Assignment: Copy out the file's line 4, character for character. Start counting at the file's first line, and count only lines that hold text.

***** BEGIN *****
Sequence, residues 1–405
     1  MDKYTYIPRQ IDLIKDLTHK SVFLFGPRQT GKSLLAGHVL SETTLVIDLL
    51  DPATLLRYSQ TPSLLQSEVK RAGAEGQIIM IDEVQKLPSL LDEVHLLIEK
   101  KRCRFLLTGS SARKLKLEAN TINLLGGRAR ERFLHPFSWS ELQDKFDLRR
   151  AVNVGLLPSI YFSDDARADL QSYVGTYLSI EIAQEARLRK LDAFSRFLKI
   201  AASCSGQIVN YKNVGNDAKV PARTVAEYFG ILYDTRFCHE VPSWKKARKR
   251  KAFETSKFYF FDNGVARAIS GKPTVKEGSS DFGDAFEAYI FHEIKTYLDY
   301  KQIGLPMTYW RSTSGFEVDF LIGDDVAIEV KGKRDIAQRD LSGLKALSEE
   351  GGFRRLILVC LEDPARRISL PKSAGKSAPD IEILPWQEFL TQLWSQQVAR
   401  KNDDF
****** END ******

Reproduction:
   101  KRCRFLLTGS SARKLKLEAN TINLLGGRAR ERFLHPFSWS ELQDKFDLRR